Thursday, June 20, 2013

Clement, Salvation of the Rich - Generous to a Fault

This is a continuation of my series on Clement of Alexandria and his book on the Salvation of the Rich Man. If you are unfamiliar with Clement or his book, you may want to start with the introduction to this series.
"How then does man give these things? For I will give not only to friends, but to the friends of friends. And who is it that is the friend of God? Do not you judge who is worthy or who is unworthy. For it is possible you may be mistaken in your opinion. As in the uncertainty of ignorance it is better to do good to the undeserving for the sake of the deserving, than by guarding against those that are less good to fail to meet in with the good. For though sparing, and aiming at testing, who will receive meritoriously or not, it is possible for you to neglect some that are loved by God." (Clement of Alexandria, Salvation of the Rich Man, Chapter 33)
It is dangerous to set ourselves as judges over who is worthy of God's grace and mercy and who is not. As judges, we often judge with wrong motives and always with imperfect understanding. How can you look upon two who are poor and distinguish which is deserving of God's help and which is not? For while their outward appearances are the same, worthiness is found in the heart, a place where our natural eyes are not permitted to see. Clement counsels us to give to all who ask, not making judgements between one and another. For it is better to help some who are not worthy of help then, by attempting to determine who is worthy, to fail to help those who are truly worthy in deed.
"But by offering to all in turn that need, you must of necessity by all means find some one of those who have power with God to save... Open thy compassion to all who are enrolled the disciples of God; not looking contemptuously to personal appearance, nor carelessly disposed to any period of life. Nor if one appears penniless, or ragged, or ugly, or feeble, do thou fret in soul at this and turn away. This form is cast around us from without, the occasion of our entrance into this world, that we may be able to enter into this common school. But within dwells the hidden Father, and His Son, who died for us and rose with us.." (Clement of Alexandria, Salvation of the Rich Man, Chapter 33)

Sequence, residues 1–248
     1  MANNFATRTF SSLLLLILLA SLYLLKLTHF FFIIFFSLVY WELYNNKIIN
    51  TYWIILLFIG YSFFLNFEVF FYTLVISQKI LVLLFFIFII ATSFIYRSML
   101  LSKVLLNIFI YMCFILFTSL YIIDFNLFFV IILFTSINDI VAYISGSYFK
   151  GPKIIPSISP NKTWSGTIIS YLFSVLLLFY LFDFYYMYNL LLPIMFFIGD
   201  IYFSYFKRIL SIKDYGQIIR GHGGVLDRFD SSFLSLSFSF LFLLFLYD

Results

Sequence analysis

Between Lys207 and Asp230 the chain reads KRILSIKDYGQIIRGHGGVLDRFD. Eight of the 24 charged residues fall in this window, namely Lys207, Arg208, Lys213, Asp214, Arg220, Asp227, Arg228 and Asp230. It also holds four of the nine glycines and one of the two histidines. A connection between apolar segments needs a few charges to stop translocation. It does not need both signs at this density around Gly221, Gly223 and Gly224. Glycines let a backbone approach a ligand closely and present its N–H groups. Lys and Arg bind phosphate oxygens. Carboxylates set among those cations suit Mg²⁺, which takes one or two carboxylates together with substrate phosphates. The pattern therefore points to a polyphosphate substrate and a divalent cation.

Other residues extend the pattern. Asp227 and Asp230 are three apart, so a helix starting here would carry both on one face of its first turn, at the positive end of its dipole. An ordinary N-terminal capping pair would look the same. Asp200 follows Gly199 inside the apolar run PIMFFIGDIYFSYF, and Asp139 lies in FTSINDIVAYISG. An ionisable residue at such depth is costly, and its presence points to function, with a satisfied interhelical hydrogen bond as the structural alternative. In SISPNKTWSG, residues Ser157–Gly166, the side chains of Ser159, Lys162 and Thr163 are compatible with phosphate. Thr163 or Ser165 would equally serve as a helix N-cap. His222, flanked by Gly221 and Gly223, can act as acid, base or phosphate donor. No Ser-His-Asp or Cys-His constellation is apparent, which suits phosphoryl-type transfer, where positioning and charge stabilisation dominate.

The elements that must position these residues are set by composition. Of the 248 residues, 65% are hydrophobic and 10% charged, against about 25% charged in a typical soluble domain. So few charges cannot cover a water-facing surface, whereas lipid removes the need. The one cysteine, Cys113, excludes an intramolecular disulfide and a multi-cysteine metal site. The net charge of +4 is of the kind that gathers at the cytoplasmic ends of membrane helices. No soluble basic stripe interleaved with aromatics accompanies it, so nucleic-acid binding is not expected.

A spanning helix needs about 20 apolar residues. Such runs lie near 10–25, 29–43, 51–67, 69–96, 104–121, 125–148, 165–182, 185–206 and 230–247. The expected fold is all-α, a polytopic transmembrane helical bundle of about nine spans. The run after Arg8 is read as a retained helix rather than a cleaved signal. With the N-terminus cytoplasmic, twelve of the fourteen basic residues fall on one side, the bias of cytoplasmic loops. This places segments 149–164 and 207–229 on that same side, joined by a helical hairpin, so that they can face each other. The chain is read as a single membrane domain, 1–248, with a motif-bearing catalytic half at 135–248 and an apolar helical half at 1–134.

Jesus Himself said, "Give to everyone who asks of you, and whoever takes away what is yours, do not demand it back." (Luke 6:30) Our obedience to Christ's command must not be conditional based upon another's outward appearance. We must not become judges with evil motives, rather we must simply obey Jesus' words and learn to become generous with our wealth; generous to all. By learning to be generous to all we will in no way fail to give help to those whom God finds worthy; to those to whom aid is due.

The truth is that true beauty and true worth is found inside a person, not in their outward appearance or their present station in life.
"This visible appearance cheats death and the devil; for the wealth within, the beauty, is unseen by them. And they rave about the carcase, which they despise as weak, being blind to the wealth within; knowing not what a 'treasure in an earthen vessel' we bear, protected as it is by the power of God the Father, and the blood of God the Son, and the dew of the Holy Spirit." (Clement of Alexandria, Salvation of the Rich Man, Chapter 34)
Who we are, and our worth before God, is hidden from those who look from without; even the devil fails to fully comprehend us and our value to God since he can only look upon the outward appearance of man. As those who have been enlightened by God, we must avoid this same error; the error of judging based on outward appearances, and rather value people as God does; value them for who they are on the inside. Paul said, "Therefore from now on we recognize no one according to the flesh; even though we have known Christ according to the flesh, yet now we know Him in this way no longer. Therefore if anyone is in Christ, he is a new creature; the old things passed away; behold, new things have come." (2 Corinthians 5:16-17) We must no longer judge people outwardly but rather learn to love them for who they are in the inside, for who Christ seems them to be in their heart and their soul, as those who are precious to God.

David Robison

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